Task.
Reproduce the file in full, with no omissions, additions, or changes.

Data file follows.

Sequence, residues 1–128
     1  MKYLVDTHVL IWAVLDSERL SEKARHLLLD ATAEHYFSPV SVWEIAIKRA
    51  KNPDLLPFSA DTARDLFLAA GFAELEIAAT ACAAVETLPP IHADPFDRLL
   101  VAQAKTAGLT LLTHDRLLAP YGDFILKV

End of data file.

Sequence, residues 1–128
     1  MKYLVDTHVL IWAVLDSERL SEKARHLLLD ATAEHYFSPV SVWEIAIKRA
    51  KNPDLLPFSA DTARDLFLAA GFAELEIAAT ACAAVETLPP IHADPFDRLL
   101  VAQAKTAGLT LLTHDRLLAP YGDFILKV